By Eli Sanchez
Guest Contributor, Silver Screen Capture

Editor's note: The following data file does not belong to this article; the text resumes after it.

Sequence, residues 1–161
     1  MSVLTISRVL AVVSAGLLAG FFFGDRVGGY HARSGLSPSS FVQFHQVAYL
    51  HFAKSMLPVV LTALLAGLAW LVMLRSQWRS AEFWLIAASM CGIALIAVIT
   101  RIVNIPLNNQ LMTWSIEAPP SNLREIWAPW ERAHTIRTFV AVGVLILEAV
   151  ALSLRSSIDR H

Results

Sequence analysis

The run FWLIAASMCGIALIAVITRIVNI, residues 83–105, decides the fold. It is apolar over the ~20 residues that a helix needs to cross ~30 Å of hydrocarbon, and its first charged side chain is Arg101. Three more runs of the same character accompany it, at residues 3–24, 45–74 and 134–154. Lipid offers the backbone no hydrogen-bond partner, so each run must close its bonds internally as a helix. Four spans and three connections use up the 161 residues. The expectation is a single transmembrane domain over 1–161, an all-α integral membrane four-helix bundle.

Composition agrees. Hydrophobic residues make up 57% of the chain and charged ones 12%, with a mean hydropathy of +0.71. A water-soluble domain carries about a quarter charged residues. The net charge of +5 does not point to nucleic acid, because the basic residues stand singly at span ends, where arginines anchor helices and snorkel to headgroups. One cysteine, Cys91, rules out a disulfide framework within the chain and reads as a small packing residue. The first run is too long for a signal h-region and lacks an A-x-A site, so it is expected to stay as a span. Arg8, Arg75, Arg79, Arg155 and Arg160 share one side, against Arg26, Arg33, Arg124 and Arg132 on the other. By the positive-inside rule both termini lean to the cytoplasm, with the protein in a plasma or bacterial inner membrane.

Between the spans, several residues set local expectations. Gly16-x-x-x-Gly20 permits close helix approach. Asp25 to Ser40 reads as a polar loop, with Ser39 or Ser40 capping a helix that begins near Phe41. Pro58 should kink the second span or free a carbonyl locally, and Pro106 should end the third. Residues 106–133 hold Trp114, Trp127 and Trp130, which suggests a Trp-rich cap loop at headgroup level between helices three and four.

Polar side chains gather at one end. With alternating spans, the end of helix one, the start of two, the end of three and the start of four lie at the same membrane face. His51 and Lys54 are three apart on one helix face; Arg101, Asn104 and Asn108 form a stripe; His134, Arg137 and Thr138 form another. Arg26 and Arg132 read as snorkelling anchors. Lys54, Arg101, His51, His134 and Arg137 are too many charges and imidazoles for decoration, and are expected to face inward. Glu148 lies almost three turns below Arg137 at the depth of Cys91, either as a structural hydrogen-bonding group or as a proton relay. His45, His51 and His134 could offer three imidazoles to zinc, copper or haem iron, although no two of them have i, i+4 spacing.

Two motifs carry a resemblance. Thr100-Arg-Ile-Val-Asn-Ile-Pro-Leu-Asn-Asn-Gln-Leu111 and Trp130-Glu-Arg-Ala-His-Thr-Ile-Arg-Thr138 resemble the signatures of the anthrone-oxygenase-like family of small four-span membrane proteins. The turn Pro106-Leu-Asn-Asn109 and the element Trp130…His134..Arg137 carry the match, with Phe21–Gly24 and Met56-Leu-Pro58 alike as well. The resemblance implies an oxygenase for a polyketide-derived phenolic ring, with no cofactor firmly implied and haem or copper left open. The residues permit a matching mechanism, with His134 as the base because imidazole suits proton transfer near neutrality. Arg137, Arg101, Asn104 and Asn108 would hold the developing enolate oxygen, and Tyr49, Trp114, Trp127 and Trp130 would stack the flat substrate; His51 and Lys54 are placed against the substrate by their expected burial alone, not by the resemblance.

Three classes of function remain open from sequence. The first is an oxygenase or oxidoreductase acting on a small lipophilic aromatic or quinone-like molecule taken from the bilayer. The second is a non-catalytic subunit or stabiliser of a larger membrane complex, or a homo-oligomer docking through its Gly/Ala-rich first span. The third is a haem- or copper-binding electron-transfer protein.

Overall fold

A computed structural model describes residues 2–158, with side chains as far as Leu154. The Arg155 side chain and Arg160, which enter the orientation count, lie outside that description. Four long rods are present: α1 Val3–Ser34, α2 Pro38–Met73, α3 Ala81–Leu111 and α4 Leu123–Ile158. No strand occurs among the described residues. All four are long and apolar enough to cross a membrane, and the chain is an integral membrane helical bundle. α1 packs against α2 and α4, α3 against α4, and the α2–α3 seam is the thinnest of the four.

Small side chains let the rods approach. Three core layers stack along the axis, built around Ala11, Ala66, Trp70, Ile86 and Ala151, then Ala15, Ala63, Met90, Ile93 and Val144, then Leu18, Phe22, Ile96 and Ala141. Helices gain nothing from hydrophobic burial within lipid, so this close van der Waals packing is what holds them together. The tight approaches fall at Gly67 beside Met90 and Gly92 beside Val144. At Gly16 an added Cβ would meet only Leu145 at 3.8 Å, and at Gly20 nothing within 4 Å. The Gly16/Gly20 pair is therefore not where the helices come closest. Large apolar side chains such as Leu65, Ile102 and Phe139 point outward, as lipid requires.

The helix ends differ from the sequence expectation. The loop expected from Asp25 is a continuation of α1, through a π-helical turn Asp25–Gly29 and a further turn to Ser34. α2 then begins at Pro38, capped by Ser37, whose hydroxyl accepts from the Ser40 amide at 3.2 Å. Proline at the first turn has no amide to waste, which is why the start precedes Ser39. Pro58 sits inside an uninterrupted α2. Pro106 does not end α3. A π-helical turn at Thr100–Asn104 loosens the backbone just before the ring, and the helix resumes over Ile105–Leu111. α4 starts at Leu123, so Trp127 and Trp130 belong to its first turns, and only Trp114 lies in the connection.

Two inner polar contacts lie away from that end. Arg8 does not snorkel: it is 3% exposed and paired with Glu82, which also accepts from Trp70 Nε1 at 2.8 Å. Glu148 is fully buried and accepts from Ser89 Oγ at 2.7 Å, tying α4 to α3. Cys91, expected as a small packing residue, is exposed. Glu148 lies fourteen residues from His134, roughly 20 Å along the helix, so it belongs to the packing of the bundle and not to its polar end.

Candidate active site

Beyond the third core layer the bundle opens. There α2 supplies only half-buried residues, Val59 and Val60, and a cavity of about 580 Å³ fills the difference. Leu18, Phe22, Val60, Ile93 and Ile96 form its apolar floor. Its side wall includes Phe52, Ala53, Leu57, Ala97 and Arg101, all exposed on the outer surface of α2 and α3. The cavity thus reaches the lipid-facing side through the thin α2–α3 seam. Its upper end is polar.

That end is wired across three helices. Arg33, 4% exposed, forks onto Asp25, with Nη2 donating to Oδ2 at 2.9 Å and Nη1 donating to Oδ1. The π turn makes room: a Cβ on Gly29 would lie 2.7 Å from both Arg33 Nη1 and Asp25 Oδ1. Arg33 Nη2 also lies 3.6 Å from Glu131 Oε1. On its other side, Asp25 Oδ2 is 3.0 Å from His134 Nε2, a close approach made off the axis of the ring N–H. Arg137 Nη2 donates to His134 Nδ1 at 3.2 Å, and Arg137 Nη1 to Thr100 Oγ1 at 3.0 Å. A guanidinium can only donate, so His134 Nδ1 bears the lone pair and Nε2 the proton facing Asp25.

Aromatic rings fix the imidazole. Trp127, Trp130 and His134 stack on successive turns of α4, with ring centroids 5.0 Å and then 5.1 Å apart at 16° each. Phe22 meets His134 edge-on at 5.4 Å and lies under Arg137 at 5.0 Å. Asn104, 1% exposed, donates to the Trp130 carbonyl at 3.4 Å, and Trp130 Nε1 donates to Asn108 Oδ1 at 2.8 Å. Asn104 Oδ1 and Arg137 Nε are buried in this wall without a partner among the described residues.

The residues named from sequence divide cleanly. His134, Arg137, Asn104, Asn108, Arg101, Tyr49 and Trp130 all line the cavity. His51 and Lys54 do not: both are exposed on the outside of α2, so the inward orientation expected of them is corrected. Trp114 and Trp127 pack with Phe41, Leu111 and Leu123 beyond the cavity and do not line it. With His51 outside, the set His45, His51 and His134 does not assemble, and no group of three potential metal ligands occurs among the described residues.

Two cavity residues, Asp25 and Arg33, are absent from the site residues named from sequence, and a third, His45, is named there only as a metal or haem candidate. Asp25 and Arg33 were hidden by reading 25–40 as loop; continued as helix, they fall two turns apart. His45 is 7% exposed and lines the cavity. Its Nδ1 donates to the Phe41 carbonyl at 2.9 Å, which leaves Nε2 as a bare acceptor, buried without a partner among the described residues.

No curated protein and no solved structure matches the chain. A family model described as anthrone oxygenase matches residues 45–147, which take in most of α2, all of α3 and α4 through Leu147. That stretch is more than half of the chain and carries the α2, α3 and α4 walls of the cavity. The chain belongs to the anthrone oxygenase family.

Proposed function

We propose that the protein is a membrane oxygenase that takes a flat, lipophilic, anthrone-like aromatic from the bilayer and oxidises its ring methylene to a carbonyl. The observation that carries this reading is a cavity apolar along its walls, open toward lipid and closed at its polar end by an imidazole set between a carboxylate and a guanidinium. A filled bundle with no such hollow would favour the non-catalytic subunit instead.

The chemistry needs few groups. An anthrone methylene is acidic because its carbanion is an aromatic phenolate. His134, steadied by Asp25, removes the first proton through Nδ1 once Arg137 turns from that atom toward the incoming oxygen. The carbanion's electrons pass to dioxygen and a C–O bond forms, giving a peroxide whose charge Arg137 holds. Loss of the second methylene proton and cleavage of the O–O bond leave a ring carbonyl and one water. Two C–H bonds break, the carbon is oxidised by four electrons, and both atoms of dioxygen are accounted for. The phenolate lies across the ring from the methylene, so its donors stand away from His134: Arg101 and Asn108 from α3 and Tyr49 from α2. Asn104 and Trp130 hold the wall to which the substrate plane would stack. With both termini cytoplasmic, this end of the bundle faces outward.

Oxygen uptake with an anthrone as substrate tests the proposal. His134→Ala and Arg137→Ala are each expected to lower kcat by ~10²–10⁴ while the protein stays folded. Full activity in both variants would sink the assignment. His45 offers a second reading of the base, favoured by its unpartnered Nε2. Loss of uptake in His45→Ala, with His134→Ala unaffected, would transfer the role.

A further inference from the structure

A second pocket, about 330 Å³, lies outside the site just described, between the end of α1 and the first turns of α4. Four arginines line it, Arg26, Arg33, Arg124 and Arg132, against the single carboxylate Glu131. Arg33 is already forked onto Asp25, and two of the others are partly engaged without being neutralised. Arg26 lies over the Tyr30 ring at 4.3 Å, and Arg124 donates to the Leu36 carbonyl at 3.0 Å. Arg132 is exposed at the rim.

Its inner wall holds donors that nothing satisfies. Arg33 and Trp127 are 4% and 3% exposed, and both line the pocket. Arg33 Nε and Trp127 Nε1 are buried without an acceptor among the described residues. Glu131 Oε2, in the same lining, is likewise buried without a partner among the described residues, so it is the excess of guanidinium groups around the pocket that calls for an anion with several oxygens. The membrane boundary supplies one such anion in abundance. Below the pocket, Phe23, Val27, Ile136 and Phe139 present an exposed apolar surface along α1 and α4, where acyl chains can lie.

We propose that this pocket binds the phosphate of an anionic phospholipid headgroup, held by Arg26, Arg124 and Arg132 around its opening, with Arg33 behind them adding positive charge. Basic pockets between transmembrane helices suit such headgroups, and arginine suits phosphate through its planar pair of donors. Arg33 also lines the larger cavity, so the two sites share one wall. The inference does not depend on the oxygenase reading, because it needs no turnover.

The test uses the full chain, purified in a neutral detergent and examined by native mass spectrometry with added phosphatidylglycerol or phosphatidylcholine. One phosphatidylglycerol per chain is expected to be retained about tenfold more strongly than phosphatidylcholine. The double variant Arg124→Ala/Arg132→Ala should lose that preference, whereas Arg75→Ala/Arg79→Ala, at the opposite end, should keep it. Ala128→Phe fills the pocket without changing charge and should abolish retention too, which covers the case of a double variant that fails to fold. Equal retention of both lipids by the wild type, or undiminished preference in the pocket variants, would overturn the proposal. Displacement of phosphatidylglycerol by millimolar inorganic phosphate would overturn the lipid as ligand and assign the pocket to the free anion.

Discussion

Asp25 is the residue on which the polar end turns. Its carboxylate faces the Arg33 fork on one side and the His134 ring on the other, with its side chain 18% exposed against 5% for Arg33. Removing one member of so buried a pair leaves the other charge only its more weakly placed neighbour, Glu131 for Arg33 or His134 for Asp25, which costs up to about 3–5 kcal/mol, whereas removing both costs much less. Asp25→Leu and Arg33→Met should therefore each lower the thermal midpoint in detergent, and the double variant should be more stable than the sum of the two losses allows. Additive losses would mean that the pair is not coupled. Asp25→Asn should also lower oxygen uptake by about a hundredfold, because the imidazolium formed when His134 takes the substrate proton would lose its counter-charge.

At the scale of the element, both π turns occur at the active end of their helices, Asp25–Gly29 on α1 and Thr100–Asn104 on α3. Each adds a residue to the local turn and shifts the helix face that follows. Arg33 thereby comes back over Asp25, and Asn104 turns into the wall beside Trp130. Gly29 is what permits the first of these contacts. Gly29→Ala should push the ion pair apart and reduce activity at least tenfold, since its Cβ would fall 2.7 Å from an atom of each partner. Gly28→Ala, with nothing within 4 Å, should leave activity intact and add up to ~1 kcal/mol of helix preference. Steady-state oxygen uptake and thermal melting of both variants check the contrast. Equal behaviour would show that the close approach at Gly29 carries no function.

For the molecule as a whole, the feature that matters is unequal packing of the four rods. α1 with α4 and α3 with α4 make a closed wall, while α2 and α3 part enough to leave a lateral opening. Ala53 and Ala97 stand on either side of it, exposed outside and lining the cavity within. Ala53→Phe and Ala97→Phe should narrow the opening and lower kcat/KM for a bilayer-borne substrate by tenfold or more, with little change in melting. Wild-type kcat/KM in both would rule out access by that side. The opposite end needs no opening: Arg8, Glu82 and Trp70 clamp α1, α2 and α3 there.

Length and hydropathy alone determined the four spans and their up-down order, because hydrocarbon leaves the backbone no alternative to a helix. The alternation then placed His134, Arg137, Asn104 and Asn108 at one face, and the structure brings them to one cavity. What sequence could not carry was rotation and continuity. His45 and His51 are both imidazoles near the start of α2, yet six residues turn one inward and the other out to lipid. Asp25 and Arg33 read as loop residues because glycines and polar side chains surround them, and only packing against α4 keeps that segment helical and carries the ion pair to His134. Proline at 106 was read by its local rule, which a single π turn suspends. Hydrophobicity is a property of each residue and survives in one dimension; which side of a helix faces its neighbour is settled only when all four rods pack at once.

William Wellman’s classic (A-), Beau Geste showcases talented leads, unsavory characters and romantic depictions of dissident life among the French Foreign Legion. The film follows the exploits of three very tightly-knit brothers played by Gary Cooper (in the titular role), Ray Milland and Robert Preston. These three, adopted to a seemingly well-to-do British family in England, have formed quite a bond; so much so that they feed off of each others’ ambitions to the point of playing out childhood fantasies of joining the French army. They seemingly try to one-up each other on courageousness and cockiness. Eventually, following a jewel theft of honest intent, a journey to get away from it all and an intermingling of a sordid cast of characters led by a Russian expat turned Legionaire Markov (Brian Donlevy) who runs his battalion more like a gulag, the film grabs you into the beautiful oasis of a desert adventure. The film leans heavy on familial sentiment and loyalty to a name without seeming too preachy or clingy to traditional values. The film teeters between extreme pride and extreme sadness equally well in its storytelling and film direction.